Let us make an in-debt study of the role of fiscal policy in controlling inflation.

The economy’s levels of output, employ­ment, and income are influenced by the rela­tionship between the amount that the govern­ment levies in taxes and the amount that it spends. A change in either taxes or spending may induce an expansion or contraction in the economy.

Changes in taxes and/or government spending to control unemployment or demand- pull inflation are termed fiscal policy.

Fiscal policy has evolved largely from the theories of J. M. Keynes, who focused on the relationship between aggregate spending and the level of economic activity, and suggested that the government could fill in a spending gap created by a lack of private spending.


The Mechanics of Fiscal Policy:

Very simply, increases or decreases in total spending due to changes in taxes and/or government expenditures can lead to expan­sions or contractions in economic activity.

If there is high unemployment, policy­makers can take action to increase the level of aggregate spending and, consequently, the level of economic activity.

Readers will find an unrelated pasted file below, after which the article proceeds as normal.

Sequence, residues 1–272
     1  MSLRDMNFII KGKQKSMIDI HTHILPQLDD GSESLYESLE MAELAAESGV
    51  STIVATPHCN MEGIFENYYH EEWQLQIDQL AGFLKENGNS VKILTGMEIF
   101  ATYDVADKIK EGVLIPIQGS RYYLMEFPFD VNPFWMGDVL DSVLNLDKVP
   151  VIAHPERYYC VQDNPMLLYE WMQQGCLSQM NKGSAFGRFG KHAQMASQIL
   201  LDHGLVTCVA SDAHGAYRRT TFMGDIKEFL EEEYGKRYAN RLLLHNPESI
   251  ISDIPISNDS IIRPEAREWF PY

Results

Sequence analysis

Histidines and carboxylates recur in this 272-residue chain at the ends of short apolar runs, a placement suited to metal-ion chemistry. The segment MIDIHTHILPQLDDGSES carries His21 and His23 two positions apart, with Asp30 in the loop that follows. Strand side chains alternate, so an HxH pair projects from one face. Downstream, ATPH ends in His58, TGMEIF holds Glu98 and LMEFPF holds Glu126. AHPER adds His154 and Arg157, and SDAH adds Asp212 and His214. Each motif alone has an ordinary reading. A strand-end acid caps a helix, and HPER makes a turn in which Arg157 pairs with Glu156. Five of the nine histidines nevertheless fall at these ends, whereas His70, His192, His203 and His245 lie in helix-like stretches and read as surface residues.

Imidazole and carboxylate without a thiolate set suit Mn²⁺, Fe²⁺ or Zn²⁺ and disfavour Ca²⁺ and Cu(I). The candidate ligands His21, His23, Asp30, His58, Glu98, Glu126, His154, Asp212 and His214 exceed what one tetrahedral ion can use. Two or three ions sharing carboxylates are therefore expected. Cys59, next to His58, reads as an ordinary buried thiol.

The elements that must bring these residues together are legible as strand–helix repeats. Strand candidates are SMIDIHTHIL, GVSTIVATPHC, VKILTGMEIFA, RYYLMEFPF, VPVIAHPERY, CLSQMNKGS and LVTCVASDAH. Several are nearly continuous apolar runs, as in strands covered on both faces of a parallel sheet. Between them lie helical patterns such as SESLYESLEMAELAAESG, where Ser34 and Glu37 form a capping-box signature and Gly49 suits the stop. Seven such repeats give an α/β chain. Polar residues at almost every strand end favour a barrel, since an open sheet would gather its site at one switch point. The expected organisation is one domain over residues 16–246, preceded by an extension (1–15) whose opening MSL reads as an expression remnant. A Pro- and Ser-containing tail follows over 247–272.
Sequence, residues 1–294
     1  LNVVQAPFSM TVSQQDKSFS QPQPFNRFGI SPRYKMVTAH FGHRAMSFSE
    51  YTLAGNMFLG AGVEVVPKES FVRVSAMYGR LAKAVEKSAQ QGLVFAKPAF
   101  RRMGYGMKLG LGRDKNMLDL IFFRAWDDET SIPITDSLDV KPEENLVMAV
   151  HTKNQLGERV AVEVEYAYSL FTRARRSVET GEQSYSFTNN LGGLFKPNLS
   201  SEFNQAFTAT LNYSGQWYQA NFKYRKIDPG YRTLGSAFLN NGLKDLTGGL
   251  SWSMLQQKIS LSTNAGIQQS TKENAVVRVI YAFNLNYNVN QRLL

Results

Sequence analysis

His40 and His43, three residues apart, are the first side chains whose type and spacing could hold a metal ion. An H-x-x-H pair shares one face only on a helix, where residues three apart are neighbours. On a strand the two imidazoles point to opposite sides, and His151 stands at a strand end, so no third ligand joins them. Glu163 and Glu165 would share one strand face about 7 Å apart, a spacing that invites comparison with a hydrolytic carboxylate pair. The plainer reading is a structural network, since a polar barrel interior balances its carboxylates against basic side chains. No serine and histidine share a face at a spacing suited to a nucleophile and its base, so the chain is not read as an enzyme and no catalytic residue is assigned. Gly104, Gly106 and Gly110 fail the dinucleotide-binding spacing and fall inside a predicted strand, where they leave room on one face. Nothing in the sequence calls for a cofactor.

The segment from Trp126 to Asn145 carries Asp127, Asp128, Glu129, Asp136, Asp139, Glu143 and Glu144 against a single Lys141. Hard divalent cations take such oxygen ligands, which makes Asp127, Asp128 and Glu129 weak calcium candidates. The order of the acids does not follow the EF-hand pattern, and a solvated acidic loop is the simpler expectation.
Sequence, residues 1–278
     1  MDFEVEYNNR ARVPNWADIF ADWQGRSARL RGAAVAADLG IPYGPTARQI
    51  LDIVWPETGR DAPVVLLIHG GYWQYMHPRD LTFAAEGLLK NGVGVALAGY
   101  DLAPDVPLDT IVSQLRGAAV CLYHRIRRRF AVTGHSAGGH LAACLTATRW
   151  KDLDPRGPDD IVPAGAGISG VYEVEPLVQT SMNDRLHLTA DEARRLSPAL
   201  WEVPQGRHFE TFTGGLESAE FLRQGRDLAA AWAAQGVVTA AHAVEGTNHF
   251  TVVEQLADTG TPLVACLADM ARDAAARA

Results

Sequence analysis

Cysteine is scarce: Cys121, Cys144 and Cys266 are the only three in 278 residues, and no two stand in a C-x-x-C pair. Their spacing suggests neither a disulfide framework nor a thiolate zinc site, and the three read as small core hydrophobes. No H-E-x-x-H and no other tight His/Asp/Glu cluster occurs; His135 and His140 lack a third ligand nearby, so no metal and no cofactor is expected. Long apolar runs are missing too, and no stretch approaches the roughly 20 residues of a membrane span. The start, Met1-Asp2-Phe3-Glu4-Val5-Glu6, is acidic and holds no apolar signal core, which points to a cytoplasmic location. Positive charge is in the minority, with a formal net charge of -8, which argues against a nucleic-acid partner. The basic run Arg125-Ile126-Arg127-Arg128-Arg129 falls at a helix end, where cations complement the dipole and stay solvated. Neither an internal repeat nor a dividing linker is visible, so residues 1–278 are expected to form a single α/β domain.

This increased spending could come from:


(1) Increased government purchases of goods and services, and/or

(2) Increased transfer payments, and/or

(3) Decreased taxes.

These three actions could be taken separately or in combination.


Although each of these actions can cause economic activity to grow, the expansionary impact of increasing government purchases by a particular amount is greater than the expansionary impact of increasing transfers or decreasing taxes by the same amount. All of the rupees spent on government purchases are injected directly into the spending stream, whereas increased transfers and decreased taxes provide additional income — part of which will be spent but part of which will be saved.

If the economy is experiencing demand- pull inflation, the appropriate fiscal policy action for lowering the inflation rate is to decrease aggregate spending.

Excess spending could be removed from the economy by:

(1) Decreasing government purchases of goods and services, and/or

(2) Decreasing transfer payments, and/or

(3) Increasing taxes.

Again, a more sharp decrease in spending results from a decrease in government purchases because some of the reduced transfers and increased taxes would affect saving rather than spending.